6 – How involved an editor are you? Do you dig deep into line edits, or do you prefer more of a light touch?
My involvement varies with the project. Sometimes I get very involved it the author needs me to do that. Once I arranged for a fabulous editor – Colin Smith in Winnipeg – to do detailed fact-checking etc. However, I don't assume I need to massage the text, and on some projects I've done little other than find typos.
7 – How do your books get distributed? What are your usual print runs?
Our print runs are from 75 to 150 usually. If the book sells very quickly we occasionally print a second run and we have done as many as 300 in the past. But pressures on my time as well as storage capacity have held us back from that. Our books are sold by several outlets: Woodland Pattern Book Center (Milwaukee); Open Books (Seattle); and Apollinaire's Bookshoppe (Toronto). They are also distributed via our website and through the authors themselves.
8 – How many other people are involved with editing or production? Do you work with other editors, and if so, how effective do you find it? What are the benefits, drawbacks?
Mostly it's just Peter and I doing the editing, but as I mentioned above we have on one occasion had help from the excellent editor Colin Smith, who I believe is now an assistant editor at CV2.
9– How has being an editor/publisher changed the way you think about your own writing?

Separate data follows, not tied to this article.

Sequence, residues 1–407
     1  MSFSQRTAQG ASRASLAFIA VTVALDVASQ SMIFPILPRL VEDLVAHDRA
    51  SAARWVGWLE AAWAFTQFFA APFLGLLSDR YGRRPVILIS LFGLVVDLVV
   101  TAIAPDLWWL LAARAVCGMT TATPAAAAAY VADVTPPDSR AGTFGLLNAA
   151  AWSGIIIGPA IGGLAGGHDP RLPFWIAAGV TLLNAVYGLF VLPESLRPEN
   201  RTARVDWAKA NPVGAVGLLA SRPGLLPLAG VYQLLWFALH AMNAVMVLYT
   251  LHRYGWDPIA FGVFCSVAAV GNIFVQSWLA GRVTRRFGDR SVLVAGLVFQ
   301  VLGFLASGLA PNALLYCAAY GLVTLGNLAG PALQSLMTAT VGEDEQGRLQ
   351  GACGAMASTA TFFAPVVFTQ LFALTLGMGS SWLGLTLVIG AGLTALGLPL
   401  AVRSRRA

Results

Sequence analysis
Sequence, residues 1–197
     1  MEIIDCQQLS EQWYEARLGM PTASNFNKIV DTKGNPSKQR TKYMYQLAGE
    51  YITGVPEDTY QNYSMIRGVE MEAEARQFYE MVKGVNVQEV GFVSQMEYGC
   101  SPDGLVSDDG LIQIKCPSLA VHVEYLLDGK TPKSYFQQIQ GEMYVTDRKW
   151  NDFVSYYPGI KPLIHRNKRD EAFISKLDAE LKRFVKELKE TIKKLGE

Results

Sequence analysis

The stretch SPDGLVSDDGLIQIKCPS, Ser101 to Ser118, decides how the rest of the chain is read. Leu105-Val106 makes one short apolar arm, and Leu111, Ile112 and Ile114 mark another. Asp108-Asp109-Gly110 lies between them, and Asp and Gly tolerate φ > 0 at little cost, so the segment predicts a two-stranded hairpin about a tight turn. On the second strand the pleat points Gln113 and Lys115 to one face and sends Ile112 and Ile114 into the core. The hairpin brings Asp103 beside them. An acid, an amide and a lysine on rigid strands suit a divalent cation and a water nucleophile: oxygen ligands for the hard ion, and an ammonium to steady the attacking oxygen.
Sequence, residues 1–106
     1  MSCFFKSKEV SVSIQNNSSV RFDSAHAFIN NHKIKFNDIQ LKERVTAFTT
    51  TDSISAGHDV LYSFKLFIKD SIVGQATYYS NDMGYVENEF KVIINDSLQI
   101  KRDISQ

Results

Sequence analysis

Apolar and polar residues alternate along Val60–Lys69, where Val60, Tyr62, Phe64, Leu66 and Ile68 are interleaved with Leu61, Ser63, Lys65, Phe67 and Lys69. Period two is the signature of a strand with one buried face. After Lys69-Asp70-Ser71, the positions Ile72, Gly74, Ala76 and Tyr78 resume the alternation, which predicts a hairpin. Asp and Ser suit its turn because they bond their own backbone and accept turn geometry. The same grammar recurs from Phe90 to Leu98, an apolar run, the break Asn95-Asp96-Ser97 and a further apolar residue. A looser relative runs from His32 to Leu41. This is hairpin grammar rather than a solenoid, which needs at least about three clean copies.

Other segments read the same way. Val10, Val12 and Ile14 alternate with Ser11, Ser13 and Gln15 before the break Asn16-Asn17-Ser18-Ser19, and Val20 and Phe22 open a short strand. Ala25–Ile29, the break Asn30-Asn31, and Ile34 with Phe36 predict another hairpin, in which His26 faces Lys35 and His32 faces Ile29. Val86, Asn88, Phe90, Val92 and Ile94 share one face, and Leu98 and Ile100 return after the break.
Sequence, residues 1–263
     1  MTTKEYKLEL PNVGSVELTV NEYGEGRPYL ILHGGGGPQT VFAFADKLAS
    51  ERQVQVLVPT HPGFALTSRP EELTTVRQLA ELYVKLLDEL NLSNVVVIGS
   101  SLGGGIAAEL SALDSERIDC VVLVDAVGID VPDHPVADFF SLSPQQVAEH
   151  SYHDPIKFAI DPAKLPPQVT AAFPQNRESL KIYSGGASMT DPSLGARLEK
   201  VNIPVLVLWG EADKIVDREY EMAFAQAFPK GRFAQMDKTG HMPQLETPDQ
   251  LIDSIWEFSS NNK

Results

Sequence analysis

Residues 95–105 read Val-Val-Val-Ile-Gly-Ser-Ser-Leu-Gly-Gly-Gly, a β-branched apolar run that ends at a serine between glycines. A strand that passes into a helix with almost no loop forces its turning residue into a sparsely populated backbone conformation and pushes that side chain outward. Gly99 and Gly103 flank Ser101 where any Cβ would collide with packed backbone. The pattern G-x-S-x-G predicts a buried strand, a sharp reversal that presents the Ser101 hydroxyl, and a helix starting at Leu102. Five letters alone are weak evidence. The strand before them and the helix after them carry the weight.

I have come to see how valuable editorial help can be in the composition of a piece, but I think this is largely as a result of showing my work to various writers in residence and friends and getting really great suggestions. There's no question that the right editor, someone who really sees what the work is attempting, can often help a writer to add significantly to the work, or to shape the work fruitfully. But it has to be the right editor. The wrong editor can do a lot of damage. So it is a sensitive area.
10– How do you approach the idea of publishing your own writing? Some, such as Gary Geddes when he still ran Cormorant, refused such, yet various Coach House Press’ editors had titles during their tenures as editors for the press, including Victor Coleman and bpNichol. What do you think of the arguments for or against, or do you see the whole question as irrelevant?